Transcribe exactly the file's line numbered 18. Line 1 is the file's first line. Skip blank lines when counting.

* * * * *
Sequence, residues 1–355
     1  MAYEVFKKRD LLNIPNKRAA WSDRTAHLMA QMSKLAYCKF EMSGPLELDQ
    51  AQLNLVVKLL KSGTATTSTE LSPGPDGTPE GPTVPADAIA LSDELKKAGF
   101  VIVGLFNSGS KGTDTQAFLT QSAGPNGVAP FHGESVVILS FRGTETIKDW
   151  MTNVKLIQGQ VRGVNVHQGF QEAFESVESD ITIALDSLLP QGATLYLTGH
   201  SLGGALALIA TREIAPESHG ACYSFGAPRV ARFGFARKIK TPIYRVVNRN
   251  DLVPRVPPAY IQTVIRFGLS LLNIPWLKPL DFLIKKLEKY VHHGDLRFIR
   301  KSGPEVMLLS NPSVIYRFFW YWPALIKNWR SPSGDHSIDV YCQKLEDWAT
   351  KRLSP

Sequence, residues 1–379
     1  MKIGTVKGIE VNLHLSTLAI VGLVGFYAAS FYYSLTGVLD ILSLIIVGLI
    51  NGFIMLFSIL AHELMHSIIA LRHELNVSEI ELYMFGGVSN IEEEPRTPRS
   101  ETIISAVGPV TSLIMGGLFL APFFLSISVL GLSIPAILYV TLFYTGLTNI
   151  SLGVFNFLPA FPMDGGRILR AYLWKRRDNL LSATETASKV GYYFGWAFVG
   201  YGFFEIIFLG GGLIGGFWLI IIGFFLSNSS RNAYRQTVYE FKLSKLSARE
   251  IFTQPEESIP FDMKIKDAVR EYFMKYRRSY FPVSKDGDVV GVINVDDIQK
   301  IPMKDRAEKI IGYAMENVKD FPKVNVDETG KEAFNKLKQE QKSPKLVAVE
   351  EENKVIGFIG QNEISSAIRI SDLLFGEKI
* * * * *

   351  EENKVIGFIG QNEISSAIRI SDLLFGEKI